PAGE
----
Hard Corps: Uprising Review
Game: Hard Corps Uprising
Developer: Arc System Works
Available on: Xbox LIVE Arcade and PlayStation Network (XBLA version reviewed)
In 1987 arcades were exposed to a new run and gun action game from Konami. Two playable characters Bill and Lance – crack Commandos – tasked with the mission of taking down a terrorist cell which is plotting to take over the world – Red Falcon. Equipped with unlimited ammo and eight directions to shoot in, the game provided precision control. Two-player co-op and a variety of weapon upgrades added further excitement. And with no energy bars to help you out and one-hit kills to avoid at every turn, the game stood up as an extremely challenging title. And so Contra was born.
The latest title from Konami – Hard Corps: Uprising – is a spin-off from the Contra universe and shares many of its most recognisable traits, but will it share its quality and enduring popularity? Read on to find out.
STORY: In the year 2613 and the world is controlled by Tiberius, the leader of an evil collective known as the Commonwealth Empire. In response to the oppression that has swept the land, many resistance groups have come together. They have had little success so far, but now Commonwealth soldier and former war hero, Bahamut, has defected to the cause of the rebels, after witnessing his squad execute a group of innocent villagers. In the hope that he can help save many more innocent lives, he and the insurgents form a last-ditch plan to take down the empire.
Players can choose to control either Bahamut or comrade Krystal – an untrained soldier who joins the revolution after the imperial forces decimate her hometown. The story development is kept to a minimum, with new narrative details only being revealed in loading screen text between stages. As with other games of the genre, gameplay takes priority over plot to a large extent. Bosses in each level are often introduced in this text, but as we have no prior knowledge of who they are (or where they fit into the story) their impact is unfortunately minimised and they largely just become faceless enemies. Cut=scenes are non-existent really, aside from intro and outro videos, further illustrating the lack of emphasis put on the storyline.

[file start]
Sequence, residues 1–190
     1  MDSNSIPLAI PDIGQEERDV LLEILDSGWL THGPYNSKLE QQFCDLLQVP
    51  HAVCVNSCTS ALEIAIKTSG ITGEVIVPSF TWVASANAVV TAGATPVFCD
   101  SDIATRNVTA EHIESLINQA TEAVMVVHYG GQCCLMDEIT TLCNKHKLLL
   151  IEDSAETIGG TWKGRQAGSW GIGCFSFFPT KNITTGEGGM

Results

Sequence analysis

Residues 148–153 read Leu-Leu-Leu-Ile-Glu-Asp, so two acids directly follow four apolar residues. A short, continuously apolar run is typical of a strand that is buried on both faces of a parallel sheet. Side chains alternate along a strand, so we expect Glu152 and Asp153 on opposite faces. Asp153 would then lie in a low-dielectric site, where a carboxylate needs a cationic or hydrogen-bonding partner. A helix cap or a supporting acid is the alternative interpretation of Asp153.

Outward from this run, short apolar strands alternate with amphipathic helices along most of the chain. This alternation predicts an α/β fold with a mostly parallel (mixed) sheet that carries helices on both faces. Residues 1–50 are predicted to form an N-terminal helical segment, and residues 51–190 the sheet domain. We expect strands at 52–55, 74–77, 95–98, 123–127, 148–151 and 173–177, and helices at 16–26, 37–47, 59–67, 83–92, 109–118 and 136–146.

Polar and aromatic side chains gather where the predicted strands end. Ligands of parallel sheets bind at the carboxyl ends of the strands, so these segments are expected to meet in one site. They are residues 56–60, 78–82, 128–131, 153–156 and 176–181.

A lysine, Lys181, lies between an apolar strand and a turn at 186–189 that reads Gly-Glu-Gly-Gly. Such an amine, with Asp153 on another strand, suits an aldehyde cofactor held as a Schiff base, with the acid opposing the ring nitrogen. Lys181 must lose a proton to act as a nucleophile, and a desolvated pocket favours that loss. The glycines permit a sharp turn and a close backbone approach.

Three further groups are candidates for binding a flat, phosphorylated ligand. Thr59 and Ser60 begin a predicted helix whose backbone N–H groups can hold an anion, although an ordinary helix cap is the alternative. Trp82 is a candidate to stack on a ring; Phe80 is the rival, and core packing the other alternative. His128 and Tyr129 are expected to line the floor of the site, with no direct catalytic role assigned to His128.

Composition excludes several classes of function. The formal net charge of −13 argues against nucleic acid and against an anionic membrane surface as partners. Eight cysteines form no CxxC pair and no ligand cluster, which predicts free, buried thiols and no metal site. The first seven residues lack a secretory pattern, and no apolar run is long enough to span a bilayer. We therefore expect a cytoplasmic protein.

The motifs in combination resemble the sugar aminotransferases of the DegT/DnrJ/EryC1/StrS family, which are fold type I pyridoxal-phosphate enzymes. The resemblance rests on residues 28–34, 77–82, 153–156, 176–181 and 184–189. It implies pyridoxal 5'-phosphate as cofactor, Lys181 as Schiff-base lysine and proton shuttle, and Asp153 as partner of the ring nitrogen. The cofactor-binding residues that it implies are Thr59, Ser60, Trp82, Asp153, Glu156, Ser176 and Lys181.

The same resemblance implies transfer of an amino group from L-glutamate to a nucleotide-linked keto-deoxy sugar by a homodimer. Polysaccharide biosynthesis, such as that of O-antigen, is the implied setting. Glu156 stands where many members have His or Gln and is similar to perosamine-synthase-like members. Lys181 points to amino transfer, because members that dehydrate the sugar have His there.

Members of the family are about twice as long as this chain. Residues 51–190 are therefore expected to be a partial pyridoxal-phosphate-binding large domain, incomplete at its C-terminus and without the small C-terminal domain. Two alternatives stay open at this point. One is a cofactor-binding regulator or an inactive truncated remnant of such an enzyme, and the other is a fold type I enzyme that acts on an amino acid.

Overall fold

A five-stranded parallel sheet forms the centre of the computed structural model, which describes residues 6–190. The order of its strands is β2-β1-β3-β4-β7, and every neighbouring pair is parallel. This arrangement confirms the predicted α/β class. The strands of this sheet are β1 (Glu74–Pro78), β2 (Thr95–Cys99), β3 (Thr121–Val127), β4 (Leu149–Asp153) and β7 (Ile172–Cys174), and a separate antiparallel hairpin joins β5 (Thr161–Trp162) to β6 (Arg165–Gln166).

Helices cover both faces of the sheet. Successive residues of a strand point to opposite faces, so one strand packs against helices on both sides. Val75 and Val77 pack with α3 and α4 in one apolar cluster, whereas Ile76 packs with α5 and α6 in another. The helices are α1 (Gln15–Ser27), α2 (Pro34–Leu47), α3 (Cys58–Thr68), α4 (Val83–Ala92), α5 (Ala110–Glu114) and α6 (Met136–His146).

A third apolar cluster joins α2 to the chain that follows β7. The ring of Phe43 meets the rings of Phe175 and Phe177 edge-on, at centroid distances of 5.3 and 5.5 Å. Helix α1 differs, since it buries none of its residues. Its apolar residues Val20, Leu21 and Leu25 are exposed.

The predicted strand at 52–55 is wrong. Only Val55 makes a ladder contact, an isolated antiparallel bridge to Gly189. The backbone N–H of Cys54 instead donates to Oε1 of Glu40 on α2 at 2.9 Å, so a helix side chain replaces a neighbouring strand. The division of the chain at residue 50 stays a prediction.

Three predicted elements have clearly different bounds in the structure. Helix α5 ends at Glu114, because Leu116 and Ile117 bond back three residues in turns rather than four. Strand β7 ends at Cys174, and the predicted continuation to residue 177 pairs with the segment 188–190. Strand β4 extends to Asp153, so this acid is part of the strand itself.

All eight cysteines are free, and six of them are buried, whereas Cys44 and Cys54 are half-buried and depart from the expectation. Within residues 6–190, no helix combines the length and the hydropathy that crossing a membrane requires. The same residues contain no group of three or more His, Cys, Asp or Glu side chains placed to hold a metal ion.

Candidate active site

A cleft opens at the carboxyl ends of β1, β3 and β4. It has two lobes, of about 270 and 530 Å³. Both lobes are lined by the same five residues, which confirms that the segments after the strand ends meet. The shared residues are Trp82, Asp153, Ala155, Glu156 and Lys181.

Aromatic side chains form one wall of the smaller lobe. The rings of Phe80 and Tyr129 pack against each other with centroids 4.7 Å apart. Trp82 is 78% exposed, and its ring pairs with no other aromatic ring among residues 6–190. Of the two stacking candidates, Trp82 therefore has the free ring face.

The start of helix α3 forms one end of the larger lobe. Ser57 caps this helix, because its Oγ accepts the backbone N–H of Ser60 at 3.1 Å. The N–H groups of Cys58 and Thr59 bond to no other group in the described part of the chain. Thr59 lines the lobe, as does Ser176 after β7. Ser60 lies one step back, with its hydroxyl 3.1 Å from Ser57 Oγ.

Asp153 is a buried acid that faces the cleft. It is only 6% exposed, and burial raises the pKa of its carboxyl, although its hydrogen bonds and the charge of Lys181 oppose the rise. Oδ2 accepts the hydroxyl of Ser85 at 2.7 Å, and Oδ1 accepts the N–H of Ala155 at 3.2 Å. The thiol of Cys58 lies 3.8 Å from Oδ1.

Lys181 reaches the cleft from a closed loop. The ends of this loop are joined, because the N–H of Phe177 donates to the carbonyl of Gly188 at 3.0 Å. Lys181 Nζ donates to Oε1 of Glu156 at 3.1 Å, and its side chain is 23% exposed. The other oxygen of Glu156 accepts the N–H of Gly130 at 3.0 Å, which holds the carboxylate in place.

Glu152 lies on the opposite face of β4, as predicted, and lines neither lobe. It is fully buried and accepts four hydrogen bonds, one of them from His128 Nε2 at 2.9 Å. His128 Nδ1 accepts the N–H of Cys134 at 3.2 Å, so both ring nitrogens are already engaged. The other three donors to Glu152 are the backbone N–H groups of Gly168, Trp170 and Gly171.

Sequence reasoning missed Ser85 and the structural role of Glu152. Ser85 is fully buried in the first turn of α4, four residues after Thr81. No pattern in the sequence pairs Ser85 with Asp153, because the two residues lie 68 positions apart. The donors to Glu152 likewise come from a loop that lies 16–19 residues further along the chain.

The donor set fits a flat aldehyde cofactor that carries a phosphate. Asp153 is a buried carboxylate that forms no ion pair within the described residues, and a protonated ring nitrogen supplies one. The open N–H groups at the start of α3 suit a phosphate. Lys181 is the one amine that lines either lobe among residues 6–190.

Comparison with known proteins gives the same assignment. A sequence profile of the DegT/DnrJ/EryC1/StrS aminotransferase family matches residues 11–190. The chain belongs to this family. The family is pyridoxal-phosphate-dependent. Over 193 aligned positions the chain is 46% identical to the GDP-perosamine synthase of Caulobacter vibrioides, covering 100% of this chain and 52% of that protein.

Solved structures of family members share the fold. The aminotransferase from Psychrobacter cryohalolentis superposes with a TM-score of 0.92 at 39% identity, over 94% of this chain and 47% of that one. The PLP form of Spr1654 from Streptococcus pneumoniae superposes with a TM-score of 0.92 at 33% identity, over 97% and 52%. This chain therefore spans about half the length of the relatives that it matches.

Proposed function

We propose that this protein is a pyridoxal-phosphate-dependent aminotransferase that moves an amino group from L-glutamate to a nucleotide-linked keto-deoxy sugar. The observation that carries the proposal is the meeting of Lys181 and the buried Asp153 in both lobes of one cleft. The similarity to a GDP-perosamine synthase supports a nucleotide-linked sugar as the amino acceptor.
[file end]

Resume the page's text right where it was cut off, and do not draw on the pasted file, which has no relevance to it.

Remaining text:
GRAPHICS: For a side-scrolling action game – which plays out almost completely in two dimensions – the graphics remain rather impressive. Character and enemy sprites are all hand-drawn in a sci-fi anime style, which allows for some great expressions and characterisation – even at such a small scale. Fluid animations and fast, vibrant action is pulled off impressively by the art style and is always interesting to look at.
The game plays almost entirely in two dimensions because the environments and background embellishments exist in several planes of depth – almost a 2.5D view. This seems to be a popular choice when developers re-make or update classic game styles for the current market. If the toss-up is between making the game fully 3D – and therefore losing the crux of the core gameplay – or being made in pseudo 2.5D and remaining incredibly playable and maintaining the spirit of the original games, I would personally choose the latter every time. The use of several background planes means there is always something happening and that only adds to the frantic nature of the game. You must always be on your toes, keeping an eye open for enemies, and the addition of these background details only increases the confusion over where the next attack is coming from.
The stages all have a very distinct character and have lots of features unique to that particular area, this means that the level design is always varied. Full colour palettes are used and the game actually looks far more interesting than many of the past entries in the Contra series. Whereas a lot of the past games in the series were very industrial and futuristic, the environments in this game vary between traditional jungles and cities, there are also those which take place in the desert and ancient tombs – adding to the variety of art on display.
SOUND: The sound is certainly nothing revolutionary for the genre, the music consisting of mainly frantic Japanese thrash metal and frantic techno-rock. Although perhaps produced to a higher standard, this is more or less what a player would expect to encounter when playing a game of this type.